Terrell County Odd-Ball Buck With Hollow Ball-Like Growths On Both Antlers

GON Staff | May 26, 2000

Jerry Melton, of Americus, had been trying to get his friend and business associate Sergio Chavez, of Phenix City, Ala., to go hunting with him all season long. The two friends were finally able to get together on a Wednesday in early December last season. The result of the hunt was one of the most unusual bucks taken from the Georgia woods last season.

Jerry hunted his favorite spot on a 1,500-acre lease in Terrell County and spotted a big-bodied deer in a thicket around 7 a.m. that morning. Jerry could see the deer had an abnormal rack and plenty of points but never got a clear shot. The buck finally chased a doe out of the area.

That afternoon, Jerry was taking Sergio to that stand when the two spotted the buck standing only 30 yards away in the edge of a bottom.

“When I saw that thing, I could not believe it,” Sergio said. “I saw his horns and said ‘this is really something different.’ I knew I had to shoot right away.” One shot from Sergio’s Browning .30-06 ended the hunt. Walking up to the deer after following a 50-yard blood trail, neither Jerry or Sergio could believe what they saw.

The buck had two growths, both of which were hollow, on the beams of its antlers. WRD Biologist Bill Cooper said the growths probably resulted from an injury the buck sustained to his antlers while in velvet.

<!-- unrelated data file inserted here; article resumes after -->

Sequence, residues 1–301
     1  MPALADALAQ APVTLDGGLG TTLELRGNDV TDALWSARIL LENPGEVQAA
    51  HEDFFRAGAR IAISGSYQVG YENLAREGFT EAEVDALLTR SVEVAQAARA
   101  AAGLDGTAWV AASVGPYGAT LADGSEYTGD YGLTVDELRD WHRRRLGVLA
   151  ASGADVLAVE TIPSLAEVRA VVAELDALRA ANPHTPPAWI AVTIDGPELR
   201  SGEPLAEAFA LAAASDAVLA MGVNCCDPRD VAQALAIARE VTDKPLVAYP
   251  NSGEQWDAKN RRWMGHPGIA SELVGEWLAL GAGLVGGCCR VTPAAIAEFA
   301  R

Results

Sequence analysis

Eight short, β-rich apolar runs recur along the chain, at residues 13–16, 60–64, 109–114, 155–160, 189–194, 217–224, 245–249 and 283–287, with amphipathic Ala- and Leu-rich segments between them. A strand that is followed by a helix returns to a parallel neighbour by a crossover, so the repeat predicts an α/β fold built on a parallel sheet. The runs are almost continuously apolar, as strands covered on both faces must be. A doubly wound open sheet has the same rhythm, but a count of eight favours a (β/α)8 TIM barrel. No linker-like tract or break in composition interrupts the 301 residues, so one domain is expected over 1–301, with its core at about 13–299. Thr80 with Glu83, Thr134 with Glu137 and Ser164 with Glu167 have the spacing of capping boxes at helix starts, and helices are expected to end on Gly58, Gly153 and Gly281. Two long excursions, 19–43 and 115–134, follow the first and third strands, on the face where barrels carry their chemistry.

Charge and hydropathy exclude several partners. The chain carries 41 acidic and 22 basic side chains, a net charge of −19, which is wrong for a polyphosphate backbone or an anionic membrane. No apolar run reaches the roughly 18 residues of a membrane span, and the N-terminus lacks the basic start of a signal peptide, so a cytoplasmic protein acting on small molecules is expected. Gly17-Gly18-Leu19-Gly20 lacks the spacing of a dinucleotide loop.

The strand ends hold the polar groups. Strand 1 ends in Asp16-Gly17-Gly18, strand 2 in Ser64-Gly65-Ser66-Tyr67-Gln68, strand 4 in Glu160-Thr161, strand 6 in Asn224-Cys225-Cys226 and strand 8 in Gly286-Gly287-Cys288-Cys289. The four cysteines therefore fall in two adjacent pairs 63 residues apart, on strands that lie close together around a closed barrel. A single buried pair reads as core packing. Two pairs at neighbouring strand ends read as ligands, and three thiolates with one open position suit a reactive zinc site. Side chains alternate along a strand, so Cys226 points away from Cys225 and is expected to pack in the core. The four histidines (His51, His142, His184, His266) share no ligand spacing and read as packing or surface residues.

“The injury probably diverted the blood supply in the same manner that you have an aneurysm in a blood vessel that causes a swelling,” Bill said. “It’s hard to say. It’s not the typical injury you expect to see—usually the antler would just fall off, but this antler continued growing. I’ve seen a lot of different abnormalities but nothing shaped like this to that size.”

Jerry said he was glad he and Sergio finally had the chance to hunt together, and that Sergio killed this most unusual buck.

“He just couldn’t believe he got that deer—he was grinning ear to ear,” Jerry said. “It was certainly a once-in-a-lifetime buck.”

Terrell County’s Odd-Ball Buck presented some interesting challenges to Grayson Roberts, the Leesburg taxidermist who is mounting the buck. Grayson did not have a place to put the ears because of the hollow growths on each antler.

Become a GON subscriber and enjoy full access to ALL of our content.

New monthly payment option available!


Leave a Comment

You must be logged in to post a comment.